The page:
The party, which was confronted with high expectations both internally and from its electorate, was given the sole responsibility for the government’s poor performance. The few policy areas in which the senate was able to assert itself in this term dominated by the Covid-19 pandemic, such as public health (Die Linke) or internal security (SPD), were not led by the Greens. In addition, Andreas Bovenschulte successfully presented himself as the government’s dominant personality through skilful public relations (‘Bremen vaccination successes’, ‘introduction of an excess profits tax’), thus further reinforcing his prime ministerial bonus. In the run-up to the election, the Greens’ poll ratings 7 dropped drastically on both the personal (senators) and the substantive level (satisfaction, competence attribution). In fact, the low level of overall satisfaction with the work of the senate (41%) was clearly undercut by the Greens’ score (only 20% were satisfied with their work). The Green lost support in all policy areas. In particular, in their core area of ‘climate and environmental policy’, the Greens suffered a drastic loss in competence attribution of 24 percentage points (from 61% down to 37%). Furthermore, ‘climate and environmental policy’ was rated as less important by voters in comparison with to the 2019 election.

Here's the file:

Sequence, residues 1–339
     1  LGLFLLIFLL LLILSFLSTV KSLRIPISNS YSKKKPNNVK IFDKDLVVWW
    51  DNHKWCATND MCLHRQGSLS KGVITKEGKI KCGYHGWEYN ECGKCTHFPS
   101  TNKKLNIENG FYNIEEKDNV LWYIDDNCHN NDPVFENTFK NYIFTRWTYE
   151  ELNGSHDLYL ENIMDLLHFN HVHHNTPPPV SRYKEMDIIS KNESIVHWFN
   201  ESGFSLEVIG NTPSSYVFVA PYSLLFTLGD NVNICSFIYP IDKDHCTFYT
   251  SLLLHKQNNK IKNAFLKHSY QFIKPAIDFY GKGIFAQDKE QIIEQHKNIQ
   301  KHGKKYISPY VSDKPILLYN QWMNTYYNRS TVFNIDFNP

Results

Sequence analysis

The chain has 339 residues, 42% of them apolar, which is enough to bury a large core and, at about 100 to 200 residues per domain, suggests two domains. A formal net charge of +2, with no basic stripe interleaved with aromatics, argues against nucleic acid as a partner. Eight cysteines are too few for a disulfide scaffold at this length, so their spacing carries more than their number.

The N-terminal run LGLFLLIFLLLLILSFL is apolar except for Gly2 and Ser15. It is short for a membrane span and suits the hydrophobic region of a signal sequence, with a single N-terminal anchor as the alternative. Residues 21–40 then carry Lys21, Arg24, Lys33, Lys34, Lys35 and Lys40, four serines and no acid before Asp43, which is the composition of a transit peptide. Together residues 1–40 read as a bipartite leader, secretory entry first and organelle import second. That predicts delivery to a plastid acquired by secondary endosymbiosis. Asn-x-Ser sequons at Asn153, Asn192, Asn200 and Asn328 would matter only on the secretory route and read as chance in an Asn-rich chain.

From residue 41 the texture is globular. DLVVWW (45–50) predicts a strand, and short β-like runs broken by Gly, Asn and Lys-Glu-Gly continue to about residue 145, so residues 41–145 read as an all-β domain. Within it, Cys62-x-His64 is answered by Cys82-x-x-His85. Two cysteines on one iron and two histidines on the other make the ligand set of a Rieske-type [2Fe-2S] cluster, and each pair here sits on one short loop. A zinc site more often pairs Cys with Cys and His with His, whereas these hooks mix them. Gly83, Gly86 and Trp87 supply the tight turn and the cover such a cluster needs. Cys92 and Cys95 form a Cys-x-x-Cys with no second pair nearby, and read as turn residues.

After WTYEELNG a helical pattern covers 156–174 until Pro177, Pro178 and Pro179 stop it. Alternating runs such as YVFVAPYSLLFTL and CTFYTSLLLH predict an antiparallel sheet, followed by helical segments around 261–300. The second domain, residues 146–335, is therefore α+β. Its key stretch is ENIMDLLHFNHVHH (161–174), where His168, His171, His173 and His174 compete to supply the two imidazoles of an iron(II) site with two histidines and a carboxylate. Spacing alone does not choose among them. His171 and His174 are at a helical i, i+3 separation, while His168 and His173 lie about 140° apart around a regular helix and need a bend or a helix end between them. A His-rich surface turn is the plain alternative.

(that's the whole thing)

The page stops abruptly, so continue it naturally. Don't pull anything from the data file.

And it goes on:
While Andreas Bovenschulte reached a 70% rate of approval, Maike Schaefer was the most unpopular lead candidate of any party running in the election. In the end, the Greens lost 15,000 voters to their coalition partners (SPD: 10,500 / Die Linke: 4,500).